Over the last 10 years or so, a significant proportion of the blogs that have been published on the Alchemis website have been tips and advice on the fundamentals of winning new business. If we break it down into three basic elements of that process it would broadly be:
- How to set meetings with marketing decision makers
- What to do when you are in that meeting
- How to follow up after the meeting so that you actually win them as a client.
I’m fairly unique within Alchemis in that I’m pretty much the only person who is not directly involved in selling… whether that’s selling the services of Alchemis itself or working on business development campaigns on behalf of our clients.
On the flipside of that, the vast majority of the buying decisions are channeled through me and that’s a lot of dosh up for grabs over the years. I receive hundreds of calls each month from all sorts of companies trying to sell me their products or services or trying to persuade me to agree to a meeting with them. Nearly all of them are rebuffed pretty quickly. But what about the tiny fraction who succeed? What did they do differently?
To understand this you’ll have to take a glimpse into my psyche.
Amanda, our MD, runs coaching sessions for both our clients and staff which look at ways of improving your sales success using means such as Behavioural Analysis, among other things.
There are four basic styles of behaviour and these are determined by the way in which people relate to one another:
Whilst most people will display some sort of crossover in traits between these four styles, being aware of the type of person you are dealing with will allow you to adapt your approach for the best chance of success.
Apparently, I mostly fall within the Analytical category. That is not the easiest type of person to sell to and some of the trickier elements you are going to encounter when approaching me are:
- Motivated by logic and facts
- Not quick to make decisions
- Distrusts persuasive people
- Likes things in writing and detail
- Security conscious
- Critical, aloof, sceptical
- Likes rigid timetables
Putting that into context with the 3 points at the start of this blog, here are a few suggestions that might just get me to say “yes”.
This is probably the trickiest bit. I’m bombarded with calls every day that I don’t have time to take. If you get through, you need to make it count. A little bit of understanding into what we actually do as a company might be useful before you make the call. On top of that, get straight to the point. How will whatever it is you are offering directly benefit us? For example, if it is through significant cost saving, make sure you can back this claim up with real figures. If it is improved technology, make sure you can demonstrate the relevance/necessity to our specific circumstances. If you claim you have an offer and it needs a decision “now” you’re going to be disappointed as I like to carefully check things out before making a decision. Patience is a virtue when selling to me so be prepared to play the long game.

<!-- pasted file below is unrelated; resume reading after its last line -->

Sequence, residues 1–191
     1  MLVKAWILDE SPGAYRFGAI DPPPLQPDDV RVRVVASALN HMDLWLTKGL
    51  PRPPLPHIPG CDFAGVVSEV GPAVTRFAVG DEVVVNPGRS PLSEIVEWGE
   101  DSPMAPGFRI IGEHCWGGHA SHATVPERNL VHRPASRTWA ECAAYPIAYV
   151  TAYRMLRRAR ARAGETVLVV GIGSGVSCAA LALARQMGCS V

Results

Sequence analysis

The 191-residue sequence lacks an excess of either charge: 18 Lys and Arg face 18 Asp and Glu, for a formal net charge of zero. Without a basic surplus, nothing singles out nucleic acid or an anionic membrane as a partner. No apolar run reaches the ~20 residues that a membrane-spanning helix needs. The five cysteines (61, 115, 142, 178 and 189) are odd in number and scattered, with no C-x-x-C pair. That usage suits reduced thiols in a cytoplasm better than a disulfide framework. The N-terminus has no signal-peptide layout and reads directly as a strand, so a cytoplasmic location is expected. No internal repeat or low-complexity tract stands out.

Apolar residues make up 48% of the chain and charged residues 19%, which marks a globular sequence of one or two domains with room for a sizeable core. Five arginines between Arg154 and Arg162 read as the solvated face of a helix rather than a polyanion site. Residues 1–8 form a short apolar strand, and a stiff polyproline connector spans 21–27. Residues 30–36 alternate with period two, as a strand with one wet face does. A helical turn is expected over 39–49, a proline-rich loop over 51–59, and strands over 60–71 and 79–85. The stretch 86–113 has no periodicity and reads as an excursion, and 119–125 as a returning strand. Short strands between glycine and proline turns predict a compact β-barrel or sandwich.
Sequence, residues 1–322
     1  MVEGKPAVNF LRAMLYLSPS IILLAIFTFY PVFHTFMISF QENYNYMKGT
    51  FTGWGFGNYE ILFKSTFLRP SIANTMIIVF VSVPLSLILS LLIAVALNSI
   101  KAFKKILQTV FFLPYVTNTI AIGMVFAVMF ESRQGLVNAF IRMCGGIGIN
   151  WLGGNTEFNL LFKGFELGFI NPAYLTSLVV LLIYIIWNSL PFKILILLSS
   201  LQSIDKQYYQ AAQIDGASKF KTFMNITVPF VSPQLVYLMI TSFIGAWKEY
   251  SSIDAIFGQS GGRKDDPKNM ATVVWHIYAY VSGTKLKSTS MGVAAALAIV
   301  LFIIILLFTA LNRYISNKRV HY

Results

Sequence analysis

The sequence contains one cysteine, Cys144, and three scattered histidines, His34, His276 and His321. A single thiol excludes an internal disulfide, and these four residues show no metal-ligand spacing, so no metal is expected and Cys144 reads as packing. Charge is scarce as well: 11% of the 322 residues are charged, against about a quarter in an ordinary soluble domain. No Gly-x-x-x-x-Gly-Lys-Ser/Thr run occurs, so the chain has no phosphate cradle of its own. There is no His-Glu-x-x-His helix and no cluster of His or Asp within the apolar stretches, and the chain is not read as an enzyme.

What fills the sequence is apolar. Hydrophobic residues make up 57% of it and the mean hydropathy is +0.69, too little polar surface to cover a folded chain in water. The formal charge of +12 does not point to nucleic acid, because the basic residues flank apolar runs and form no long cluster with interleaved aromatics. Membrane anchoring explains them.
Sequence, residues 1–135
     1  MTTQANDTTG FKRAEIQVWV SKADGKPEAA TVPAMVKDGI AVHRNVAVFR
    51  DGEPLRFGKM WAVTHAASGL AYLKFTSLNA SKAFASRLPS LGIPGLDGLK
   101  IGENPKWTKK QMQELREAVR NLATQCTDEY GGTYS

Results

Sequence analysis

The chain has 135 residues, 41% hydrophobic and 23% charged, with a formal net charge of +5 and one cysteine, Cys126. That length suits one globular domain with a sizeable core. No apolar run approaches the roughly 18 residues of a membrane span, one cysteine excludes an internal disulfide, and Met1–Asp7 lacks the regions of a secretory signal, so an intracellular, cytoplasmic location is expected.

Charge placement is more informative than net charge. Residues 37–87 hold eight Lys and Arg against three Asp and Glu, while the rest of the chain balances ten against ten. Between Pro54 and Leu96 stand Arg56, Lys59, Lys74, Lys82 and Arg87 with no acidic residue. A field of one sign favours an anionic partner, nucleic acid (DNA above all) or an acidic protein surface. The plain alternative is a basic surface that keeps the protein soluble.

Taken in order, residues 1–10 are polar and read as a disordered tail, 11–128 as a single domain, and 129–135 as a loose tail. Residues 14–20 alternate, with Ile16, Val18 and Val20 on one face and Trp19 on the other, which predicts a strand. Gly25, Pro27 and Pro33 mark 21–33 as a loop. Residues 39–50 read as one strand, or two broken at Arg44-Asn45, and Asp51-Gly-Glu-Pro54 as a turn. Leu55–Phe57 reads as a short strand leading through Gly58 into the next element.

In the meeting
If I took time out of my busy day to meet you, then there must be a very good reason for this. Whoever booked it (remember, the attendee may not be the same person as the initial caller) had given me one or more compelling reasons to meet. I’ll be expecting any claims that were made during that phone call to be backed up with hard evidence. I’ll also be expecting the meeting to start at the scheduled time – so don’t turn up early or late and keep the duration within the allotted time booked.
Once everything has been wrapped up, don’t be under any illusion that I will buy at that point. I’ll be asking for references or maybe researching a few other providers offering a similar product if I think it is something we need, just so that I’m happy with my own due diligence. Saying that, I’m a believer that “people buy from people”, so good chemistry will definitely work in your favour. Most importantly I will need to be convinced that you will give me a higher level of ongoing customer service than your competitors for any significant purchases. For something that is essential to our business, my confidence in the Service Level Agreement will trump a cheaper price every time.
After the meeting
Keep in touch! Sounds obvious, but I can think of quite a few occasions where I’ve had decent meetings and been impressed enough with the product/service but then the company has either never followed up, or followed up over a year later. One that springs to mind was for a telecom system running into tens of thousands of pounds. Maybe the contact that met me left, or maybe there was another reason, but as a company you need a procedure to make sure your hot leads don’t fall through the cracks.
Be patient – relating to the point above. Don’t bombard me every day, but if it was a productive meeting and I agreed your product would benefit us, make sure you maintain some sort of contact fairly regularly. As stated earlier, I’m usually more of a slow burn when it comes to conversion. But with that, I do tend to have a long-term loyalty to those suppliers once signed up, providing the service is consistently good.
Don’t expect me to put all my eggs in one basket straight away. I want to establish enough trust in your ability to deliver a good service before I commit to a long term relationship with you and the resulting bigger budgets that will bring. But from small acorns…
Of course, not everyone will be putting the same kind of obstacles in your way when it comes to new business meetings. Different people have different drivers and you will face different barriers. You can read about cognitive biases and how understanding them could potentially help you in the sales process here.
And if you want to liken some of these personality traits to various creatures in the marketing world, you might find this an interesting read. I reckon I’m half rhino by the way…